I have been fortunate to work with garden owners and community activists who won’t stand for these exceptional gardens to be lost. Gardens of such personal expression are most threatened by gradual decline in their owner’s ability to maintain the garden and by the lack of an appropriate organization to assume its ownership and management. Although there are plentiful examples of gardens that have been “preserved” to death, many more have slipped away because there was no way for their creators to pass them on to an organization with the vision and resources to sustain them.
Our understanding of what makes gardens important and what is involved in keeping them alive is always evolving. One of the biggest challenges is finding and training gardeners who are artists and plantsmen in their own right, who understand a creator’s philosophy as well as the site and its plants, but who are not afraid to experiment to keep the garden fresh and interesting. The framework of the garden will remain but will develop in new directions, the painting of the picture becoming more important that its completion. We most succeed when we match the next generation of gardeners with the exceptional gardens of today.
Documenting a garden is important so its new stewards can understand the creators’ original design intent for the garden and how it might continue to evolve. There are a number of ways of going about this: recorded, written and videotaped histories, plant inventories, garden plans and images cataloged.
An organization with a well-defined mission about the role of the garden in the community is essential. This is where I believe I have the most to contribute: to help an organization define its mission, to develop management capability to maintain its excellence, and to find the resources to sustain it and provide a sense of purpose for the common good.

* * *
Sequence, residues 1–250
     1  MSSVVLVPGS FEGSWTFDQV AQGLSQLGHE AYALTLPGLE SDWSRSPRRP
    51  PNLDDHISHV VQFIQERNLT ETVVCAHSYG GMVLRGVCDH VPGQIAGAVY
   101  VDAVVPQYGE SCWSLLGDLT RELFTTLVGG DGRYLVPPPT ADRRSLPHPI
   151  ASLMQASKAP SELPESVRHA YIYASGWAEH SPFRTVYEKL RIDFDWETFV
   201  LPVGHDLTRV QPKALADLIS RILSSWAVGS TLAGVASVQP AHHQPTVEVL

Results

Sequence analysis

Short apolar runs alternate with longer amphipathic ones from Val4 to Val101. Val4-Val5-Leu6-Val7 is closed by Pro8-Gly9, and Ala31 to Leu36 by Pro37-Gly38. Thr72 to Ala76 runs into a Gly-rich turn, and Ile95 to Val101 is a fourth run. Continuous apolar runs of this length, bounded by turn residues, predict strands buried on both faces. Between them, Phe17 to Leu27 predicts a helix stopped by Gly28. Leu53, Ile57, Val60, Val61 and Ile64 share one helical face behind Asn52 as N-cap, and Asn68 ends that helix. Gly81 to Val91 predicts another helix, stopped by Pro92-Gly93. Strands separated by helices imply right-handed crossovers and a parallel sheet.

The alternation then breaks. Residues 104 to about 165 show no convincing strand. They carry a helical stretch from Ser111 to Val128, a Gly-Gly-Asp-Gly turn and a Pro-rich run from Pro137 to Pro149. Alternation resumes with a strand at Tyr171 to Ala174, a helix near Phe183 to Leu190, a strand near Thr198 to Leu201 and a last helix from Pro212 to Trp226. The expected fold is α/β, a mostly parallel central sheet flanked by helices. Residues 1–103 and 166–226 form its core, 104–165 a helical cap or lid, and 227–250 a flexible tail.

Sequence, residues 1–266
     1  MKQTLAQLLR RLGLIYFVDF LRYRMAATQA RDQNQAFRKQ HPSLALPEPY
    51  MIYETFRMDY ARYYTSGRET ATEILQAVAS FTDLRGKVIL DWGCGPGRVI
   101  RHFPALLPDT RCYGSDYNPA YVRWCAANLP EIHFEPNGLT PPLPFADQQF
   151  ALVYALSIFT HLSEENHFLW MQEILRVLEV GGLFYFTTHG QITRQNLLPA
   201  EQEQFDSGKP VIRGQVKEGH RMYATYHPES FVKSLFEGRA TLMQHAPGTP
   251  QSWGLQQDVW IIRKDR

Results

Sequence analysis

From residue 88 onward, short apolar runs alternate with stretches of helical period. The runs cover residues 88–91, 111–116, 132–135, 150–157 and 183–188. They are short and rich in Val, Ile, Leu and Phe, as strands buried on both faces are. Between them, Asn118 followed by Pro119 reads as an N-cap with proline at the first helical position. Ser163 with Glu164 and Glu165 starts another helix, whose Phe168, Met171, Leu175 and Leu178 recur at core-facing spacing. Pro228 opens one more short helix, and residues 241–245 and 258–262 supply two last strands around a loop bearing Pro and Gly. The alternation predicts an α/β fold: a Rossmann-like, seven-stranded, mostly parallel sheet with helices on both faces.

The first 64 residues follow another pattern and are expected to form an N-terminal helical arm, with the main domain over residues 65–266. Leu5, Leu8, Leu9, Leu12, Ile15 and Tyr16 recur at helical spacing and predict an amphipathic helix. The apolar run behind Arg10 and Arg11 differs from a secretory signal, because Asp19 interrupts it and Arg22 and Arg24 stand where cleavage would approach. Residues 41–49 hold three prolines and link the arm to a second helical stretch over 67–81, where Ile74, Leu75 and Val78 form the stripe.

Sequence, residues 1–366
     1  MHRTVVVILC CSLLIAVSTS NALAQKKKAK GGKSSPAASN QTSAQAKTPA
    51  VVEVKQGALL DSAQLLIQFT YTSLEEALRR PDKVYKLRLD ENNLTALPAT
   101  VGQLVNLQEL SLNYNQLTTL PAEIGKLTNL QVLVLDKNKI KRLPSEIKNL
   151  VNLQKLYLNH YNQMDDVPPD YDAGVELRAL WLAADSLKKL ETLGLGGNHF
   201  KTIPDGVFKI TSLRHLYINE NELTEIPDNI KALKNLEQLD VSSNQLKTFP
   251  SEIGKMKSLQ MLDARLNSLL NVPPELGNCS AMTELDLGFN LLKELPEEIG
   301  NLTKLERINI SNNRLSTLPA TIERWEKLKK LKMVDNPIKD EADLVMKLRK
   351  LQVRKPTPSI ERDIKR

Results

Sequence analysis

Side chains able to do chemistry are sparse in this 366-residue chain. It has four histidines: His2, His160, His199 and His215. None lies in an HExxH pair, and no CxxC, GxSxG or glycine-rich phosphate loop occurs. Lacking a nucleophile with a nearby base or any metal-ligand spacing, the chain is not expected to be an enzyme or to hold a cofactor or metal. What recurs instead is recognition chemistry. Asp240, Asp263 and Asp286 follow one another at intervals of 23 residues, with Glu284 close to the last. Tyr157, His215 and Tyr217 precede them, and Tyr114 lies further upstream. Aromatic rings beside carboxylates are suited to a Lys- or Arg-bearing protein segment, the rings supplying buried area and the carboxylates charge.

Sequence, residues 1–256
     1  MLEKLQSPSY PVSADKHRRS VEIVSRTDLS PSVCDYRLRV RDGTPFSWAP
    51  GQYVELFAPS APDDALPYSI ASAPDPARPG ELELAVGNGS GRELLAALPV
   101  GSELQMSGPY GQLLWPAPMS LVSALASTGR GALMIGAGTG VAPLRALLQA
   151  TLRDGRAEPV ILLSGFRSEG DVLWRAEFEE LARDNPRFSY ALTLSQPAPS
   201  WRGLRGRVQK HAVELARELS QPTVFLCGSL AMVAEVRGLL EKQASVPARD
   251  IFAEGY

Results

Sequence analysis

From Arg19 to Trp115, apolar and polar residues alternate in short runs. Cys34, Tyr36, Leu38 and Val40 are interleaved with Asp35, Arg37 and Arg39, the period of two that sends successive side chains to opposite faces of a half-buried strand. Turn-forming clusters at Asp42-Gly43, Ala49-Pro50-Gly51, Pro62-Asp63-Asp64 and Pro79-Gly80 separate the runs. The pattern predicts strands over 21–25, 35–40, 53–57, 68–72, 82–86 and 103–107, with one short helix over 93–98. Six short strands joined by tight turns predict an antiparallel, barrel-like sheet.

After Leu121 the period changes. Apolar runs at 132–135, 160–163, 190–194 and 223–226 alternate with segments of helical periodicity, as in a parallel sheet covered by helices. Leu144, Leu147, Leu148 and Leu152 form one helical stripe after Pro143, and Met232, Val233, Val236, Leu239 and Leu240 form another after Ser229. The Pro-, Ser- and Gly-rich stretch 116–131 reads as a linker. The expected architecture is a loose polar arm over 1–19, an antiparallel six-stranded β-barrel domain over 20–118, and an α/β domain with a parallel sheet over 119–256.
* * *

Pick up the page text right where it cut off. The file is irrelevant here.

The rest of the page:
Gardens come about through a long-standing and committed engagement with a piece of land, with its particular constraints and possibilities. These continually change and flow following the creator’s passions and personal experience, refinement of plantings, and the subtle regional and cultural expressions such gardens come to represent. Gardens are personal aesthetic visions, cultural expressions more dependent on collaboration with the natural world than any other art form.
To those who love gardens there is nothing quite so thrilling as seeing a good garden grow better over time. We become better gardeners, and our lives are much enriched, by visiting gardens made by people of outstanding ability. We can learn to appreciate how a creator’s vision can both come into focus and then mellow over time.
One of the great gifts gardeners can make is to provide for their work to continue beyond their lifetime. While the original gardener may not live to see the garden as fully envisioned, others will benefit from its genius and structure. Succeeding generations can create exciting new compositions within the framework of the original.
Across the country there are many gardens that give voice to the regional and cultural expressions of a time and place and tell the stories of their individual creators. We have learned to respect and appreciate the estate gardens of history’s socially prominent, with landscapes crafted by acknowledged masters. But for many gardeners it is easier to draw inspiration and instruction from our fellow non-professionals. Engrained in the American spirit is the celebration of what a single individual can accomplish through creative drive and hard work.